In October Lana and I departed Seattle for Sarajevo, Bosnia via Istanbul, Turkey flying on Turkish Airlines. In Sarajevo we met our German friend, Sacha and his Bosnian lady friend Lara. Sascha is working with the Red Cross to bring clothing and other needed supplies to Bosnian kids and their families. Still suffering from the Yugoslavian civil war the Bosnians welcome the material support from the rest of Europe especially Germany. We enjoyed Sarajevo's interesting culture which is nearly a toss up between Muslim and Christian heritages,a blend of two radically different religious concepts but co-existing peacefully and mutually supportive in many ways. It is an example of how two radically different cultures can live in peace in the same city even leveraging the differences to achieve a more complex and attractive way of living. In the US, New York, San Francisco and a few other cities have this multi-culti situation showing that it is possible to peacefully co-exist even to thrive with folks who do not share your religious beliefs. In Sarajevo, the dichotomy between the Muslim and Christian zones is so defined that there is a physical line drawn across the market square separating the Muslim and Christian sides. Nevertheless, folks from both sects can be seen shopping at each others businesses without any issues.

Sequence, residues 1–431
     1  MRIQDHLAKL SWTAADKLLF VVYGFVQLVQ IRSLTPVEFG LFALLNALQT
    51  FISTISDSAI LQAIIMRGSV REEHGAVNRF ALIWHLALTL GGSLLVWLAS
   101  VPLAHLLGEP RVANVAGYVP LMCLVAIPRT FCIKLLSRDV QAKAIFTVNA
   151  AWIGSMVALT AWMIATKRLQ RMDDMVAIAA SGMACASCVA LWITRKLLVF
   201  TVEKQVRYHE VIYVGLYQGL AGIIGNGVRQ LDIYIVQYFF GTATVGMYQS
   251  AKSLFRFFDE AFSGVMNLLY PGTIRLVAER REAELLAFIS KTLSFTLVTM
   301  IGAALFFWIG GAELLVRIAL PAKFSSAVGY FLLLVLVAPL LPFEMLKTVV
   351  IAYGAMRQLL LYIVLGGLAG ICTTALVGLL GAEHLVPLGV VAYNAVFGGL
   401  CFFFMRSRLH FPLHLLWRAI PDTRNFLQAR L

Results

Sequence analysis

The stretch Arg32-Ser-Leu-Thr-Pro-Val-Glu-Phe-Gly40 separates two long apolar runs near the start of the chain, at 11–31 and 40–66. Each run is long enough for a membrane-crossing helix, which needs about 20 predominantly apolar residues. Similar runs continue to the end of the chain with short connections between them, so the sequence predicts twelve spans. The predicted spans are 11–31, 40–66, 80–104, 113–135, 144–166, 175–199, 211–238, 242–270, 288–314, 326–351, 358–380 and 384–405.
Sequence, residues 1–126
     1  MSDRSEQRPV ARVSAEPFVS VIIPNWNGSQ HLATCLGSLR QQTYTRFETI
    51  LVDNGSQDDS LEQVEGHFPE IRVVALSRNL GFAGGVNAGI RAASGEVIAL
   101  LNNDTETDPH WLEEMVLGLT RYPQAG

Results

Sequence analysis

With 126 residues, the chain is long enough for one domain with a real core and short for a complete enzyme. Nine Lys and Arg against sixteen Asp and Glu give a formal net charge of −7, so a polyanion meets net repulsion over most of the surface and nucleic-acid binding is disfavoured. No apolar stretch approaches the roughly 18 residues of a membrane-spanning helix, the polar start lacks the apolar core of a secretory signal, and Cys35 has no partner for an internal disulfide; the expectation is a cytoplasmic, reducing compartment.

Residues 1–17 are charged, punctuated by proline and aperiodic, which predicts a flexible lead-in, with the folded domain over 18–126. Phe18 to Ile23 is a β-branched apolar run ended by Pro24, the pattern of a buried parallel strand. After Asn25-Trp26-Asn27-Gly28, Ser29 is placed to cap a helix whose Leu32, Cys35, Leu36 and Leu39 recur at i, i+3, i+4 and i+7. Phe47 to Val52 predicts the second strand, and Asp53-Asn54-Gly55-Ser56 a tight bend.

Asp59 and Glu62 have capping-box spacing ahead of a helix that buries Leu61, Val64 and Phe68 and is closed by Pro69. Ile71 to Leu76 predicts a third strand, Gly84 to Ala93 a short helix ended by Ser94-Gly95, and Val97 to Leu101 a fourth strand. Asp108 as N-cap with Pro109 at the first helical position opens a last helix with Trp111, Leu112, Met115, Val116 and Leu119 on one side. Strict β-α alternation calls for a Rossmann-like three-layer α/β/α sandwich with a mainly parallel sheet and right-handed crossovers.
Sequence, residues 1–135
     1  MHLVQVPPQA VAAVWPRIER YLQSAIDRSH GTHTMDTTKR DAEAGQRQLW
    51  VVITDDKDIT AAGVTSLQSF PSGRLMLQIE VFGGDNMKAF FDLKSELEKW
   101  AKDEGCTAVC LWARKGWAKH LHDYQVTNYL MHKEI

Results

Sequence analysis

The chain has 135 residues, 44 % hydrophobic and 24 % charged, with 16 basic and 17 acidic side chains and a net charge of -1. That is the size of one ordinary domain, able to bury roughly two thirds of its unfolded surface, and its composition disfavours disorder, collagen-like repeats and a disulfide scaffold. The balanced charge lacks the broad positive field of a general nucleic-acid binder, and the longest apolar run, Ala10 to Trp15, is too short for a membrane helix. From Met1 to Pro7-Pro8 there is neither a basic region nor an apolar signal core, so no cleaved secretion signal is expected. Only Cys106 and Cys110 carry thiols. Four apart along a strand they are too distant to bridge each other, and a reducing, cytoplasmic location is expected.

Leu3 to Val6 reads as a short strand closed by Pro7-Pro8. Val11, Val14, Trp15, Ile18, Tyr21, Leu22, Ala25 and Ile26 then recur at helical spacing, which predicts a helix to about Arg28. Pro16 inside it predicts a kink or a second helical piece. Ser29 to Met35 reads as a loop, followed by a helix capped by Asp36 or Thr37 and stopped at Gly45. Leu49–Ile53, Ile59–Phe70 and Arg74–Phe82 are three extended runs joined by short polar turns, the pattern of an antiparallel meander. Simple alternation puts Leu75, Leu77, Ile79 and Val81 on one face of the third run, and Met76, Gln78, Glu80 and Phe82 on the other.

In order to understand why such things matter it is necessary to understand the religious and political history of the region. The Balkans which include Bosnia have been the geographical and political frontier between Asia and Europe since the beginning of European civilization starting with the Greek and Persian empires. The Balkans have been one of the flash points in conflicts between the Muslims and Christians. The Ottoman Turks invaded Bulgaria in 1352 AD and continued to move up the Balkan peninsula for the next 331 years until the Austrians stopped them at the battle of Vienna in 1683. During the period of Ottoman occupation fundamental changes occurred in the cultures of the occupied Christian states including Bulgaria, Romania, Serbia, Croatia, Slovenia, Macedonia and Hungary. Montenegro, Bosnia and the modern state of Kosovo were part of Serbia during this period. The Ottomans accommodated the existence of the Christian religion in many ways allowing the inhabitants of the region to continue to practice their belief system such that the two religions co-existed as they do even today.
Here's what Lonely Planet has to say about Sarajevo:

Sarajevo - Lonely Planet

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